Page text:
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Ukrainians threaten to take to the streets once again

Ukraine is commemorating the first anniversary of the beginning of the Euromaidan protests in Kyiv, which eventually led to the ouster of President Viktor Yanukovich. One year and two elections later, Ukraine finds itself fighting on not one, but two, fronts: on the military front in the Eastern Ukraine, where Russia-backed separatists continue to threaten the unity of the Ukrainian state, and on the reform front, where the current government is expected to deliver on its promises of major structural and political changes, writes Alina Inayeh.

The Yanukovich regime left Ukraine weaker than ever, with state institutions unable to perform their basic functions. Political and economic processes were perverted by systemic corruption. For Ukraine to survive as a state, let alone advance as a country, major political, social, and economic reforms were imperative. The war in Eastern Ukraine brought everything to a halt. But as soon as Ukraine elected a new president in May, both Ukrainian society and the international community started demanding reforms.

Implementing major structural reforms in wartime is a daunting task. Yet President Petro Poroshenko and the Ukrainian government began with one major asset: the wholehearted support of the Ukrainian population, which was by and large ready to endure hardship to save the country. Six months later, an increasing number of citizens are disappointed by the pace of reforms. They doubt the good faith of the government and threaten to take to the streets again. The increasing sense of betrayal by Ukraine’s political leaders has been bolstered by the results of the recent parliamentary elections, which saw the election of a good number of old politicians — or people closely connected to them — as well as those closely linked to powerful oligarchs, and by failure to start prosecution of those responsible for the death of 110 people in the protests on Maidan one year ago.

At the same time, change has happened. In the past six months, the government has, to its credit, pushed through 18 pieces of legislation laying the basis for much-needed reforms. Governmental institutions are changing their composition and behavior, albeit at a slow pace, and the policymaking process is now permeated by and accessible to NGOs, who do a commendable job at pushing their recommendations through. The media amply covers the political process, criticizing all of its participants, and offering time and space to civil society to express its opinion.

But there are still problems. Some of the laws passed have flaws, the government is unnecessarily timid in some areas of reforms, and certain people connected to the old regime are still trying to stage a comeback. As experiences in the region show, transitions generally take more than six months and are never linear.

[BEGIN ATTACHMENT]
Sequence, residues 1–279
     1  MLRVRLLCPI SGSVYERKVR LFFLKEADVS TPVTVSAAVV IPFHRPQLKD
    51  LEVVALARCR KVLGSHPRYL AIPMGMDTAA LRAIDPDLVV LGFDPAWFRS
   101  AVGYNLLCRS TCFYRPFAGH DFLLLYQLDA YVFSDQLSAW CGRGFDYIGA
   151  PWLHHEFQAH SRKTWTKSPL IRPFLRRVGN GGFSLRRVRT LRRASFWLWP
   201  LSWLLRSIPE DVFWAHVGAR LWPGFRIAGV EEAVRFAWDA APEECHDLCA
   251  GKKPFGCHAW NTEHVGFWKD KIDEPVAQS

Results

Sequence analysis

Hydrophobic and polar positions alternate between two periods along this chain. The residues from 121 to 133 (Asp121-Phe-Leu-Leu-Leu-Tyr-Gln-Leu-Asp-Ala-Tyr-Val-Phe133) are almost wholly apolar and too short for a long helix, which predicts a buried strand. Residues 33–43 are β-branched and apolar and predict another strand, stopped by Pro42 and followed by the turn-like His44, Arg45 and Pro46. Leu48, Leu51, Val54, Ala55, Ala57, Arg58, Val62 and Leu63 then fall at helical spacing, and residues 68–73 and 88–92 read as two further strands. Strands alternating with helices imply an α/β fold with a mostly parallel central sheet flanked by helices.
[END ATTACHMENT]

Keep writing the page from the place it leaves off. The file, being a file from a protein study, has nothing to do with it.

While angst, impatience, and frustration are intrinsic parts of the transition process, Poroshenko and the Ukrainian government are definitely guilty of not adequately communicating with their citizens. Information about the pace of reforms, about the rationale for changes, and about current challenges are rarely communicated. Even when they are, they are discussed in technical terms. For their part, the Ukrainian NGOs now involved in the policymaking process have proved very good at analysis and lobbying, yet are very poor at relating to their constituents. Both the government and NGOs risk keeping citizens outside of the political process — as ignored as they have always been — leaving them to wonder why they made sacrifices.

Ukraine will not succeed without reforms, and reforms will not succeed without citizens’ support. The president and the government need to take seriously the communication of their successes and the explanation of any failures. To prove their goodwill, they need to keep citizens informed of any and all moves to fight corruption, the reform citizens most desire. Ukrainian NGOs have to act less like experts and more like NGOs: relating to citizens, seeking their input, and making good use of the fervent civic spirit that has been generated by the conflict in Eastern Ukraine. Donors to civil society can also help the process by funding activities that require less technical expertise and more grassroots work.

Good communication can never replace the actual implementation of reforms, but remains a basic requisite. Giving Ukraine’s citizens a voice will not give the government the ability to counter the insurgency in the East. But it will create a formidable weapon that is needed to win on the reform front.

Alina Inayeh is the director of the German Marshall Fund’s Bucharest office. The Fund first published this article as part of its Trans-Atlantic takes series.

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